Surviving the First Week of College

College Life with EmmaGrace Miniseries: Part 2!

Now that you’ve made it to the first week of classes(maybe you’re a little farther in than that), how do you feel? For me, I have done a lot of introductory work and I haven’t been too stressed out about my workload… YET. I’m sure I will be in the future, but for now I wanted to give you an idea on how to handle the first week of classes, so YOU won’t have to worry about stress. My goal is for you to read this post and feel way more prepared to take on the first week of classes!

#1. Give yourself a few extra minutes to walk to class

If you read my last blog post, titled “What to Do Before the First Day of College”, you remember how I recommended walking around campus to each classroom at least once. And if you haven’t read my last post yet, you can read it here! Even if you think you know the campus really well, leave yourself a few extra minutes to get there for at least the first week. You never know if you will have a makeup malfunction before you leave the dorm, get stuck talking to a friend, or lose your way. Worst case scenario, you show up to class a few minutes early, which is much better than a few minutes late. For morning classes, I would recommend getting up a few minutes earlier than you were planning. So if you plan on getting up at 8:10 for an 8:30 class, maybe get up at 8. This allows you to have a few minutes to breathe and wake up before class starts.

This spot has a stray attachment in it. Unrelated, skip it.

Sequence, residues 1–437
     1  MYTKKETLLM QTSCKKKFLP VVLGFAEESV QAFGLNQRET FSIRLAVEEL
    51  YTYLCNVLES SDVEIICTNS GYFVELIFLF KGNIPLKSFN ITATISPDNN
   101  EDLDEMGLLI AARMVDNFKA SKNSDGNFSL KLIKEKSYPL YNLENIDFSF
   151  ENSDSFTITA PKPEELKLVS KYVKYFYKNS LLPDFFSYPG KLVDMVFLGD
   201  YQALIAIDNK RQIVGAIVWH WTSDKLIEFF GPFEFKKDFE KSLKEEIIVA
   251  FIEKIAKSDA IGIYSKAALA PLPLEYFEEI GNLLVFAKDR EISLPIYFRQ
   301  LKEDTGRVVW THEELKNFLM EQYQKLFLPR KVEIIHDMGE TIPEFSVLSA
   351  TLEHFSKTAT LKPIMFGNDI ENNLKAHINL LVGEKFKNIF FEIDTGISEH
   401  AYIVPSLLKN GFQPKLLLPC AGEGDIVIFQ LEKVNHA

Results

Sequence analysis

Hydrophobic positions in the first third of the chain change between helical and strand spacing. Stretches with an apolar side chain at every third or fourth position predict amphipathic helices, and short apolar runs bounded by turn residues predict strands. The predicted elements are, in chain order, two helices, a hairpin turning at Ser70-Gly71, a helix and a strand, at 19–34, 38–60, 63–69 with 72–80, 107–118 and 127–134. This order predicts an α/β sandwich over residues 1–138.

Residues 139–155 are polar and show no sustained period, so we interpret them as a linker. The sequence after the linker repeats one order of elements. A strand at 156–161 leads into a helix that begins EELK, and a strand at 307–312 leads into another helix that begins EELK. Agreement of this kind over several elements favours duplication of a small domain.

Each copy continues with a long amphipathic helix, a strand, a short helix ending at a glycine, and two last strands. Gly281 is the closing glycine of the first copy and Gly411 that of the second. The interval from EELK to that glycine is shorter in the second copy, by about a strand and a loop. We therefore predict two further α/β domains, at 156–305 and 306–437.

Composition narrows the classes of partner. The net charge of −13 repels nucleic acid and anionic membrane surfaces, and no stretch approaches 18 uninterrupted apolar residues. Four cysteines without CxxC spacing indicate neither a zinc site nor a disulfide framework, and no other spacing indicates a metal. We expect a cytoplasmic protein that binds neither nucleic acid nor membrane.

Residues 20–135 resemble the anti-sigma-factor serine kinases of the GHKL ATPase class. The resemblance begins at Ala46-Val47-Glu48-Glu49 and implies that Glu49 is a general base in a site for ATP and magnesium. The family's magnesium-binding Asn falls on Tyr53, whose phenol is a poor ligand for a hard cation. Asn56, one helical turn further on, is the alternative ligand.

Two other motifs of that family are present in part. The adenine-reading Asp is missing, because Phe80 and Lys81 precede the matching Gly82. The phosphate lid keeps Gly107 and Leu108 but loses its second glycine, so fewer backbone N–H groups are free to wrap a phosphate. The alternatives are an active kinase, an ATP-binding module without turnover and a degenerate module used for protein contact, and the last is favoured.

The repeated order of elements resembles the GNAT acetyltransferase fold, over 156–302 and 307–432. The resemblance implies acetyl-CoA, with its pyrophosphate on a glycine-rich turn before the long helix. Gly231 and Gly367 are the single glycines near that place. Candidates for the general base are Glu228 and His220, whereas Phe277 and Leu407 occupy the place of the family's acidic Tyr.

#2. Write down ALL assignments

On the first day of class (or maybe even before), you will probably get a syllabus from all of your teachers, which should have all your major assignments on it. These can range anywhere from quizzes to tests to papers. You will want to make sure you have all of these written down in a monthly AND weekly part of your planner. College professors don’t always remind you when you have something to do or when there will be a test, which makes it so important that you have all the dates written down somewhere. You can even create an assignment log in your bullet journal. I will talk more about the spread in a later post, but below I’ve attached a picture of my August and September assignment logs (before I filled them out). You can highlight each class a different color, or highlight based on what type of assignment it is. Whatever way you choose to organize your assignments, it must make sense to you so you will know far in advance when you have something due. If you do not get a syllabus with the dates of all your assignments, make sure you write them down as soon as a teacher announces anything. You will want to start big assignments as soon as possible because they usually take more time than expected For example, a paper might take you more than a few weeks to write, and you should probably start studying for tests at least a week prior.

August and September assignment logs

#3. Go to all the campus activities you can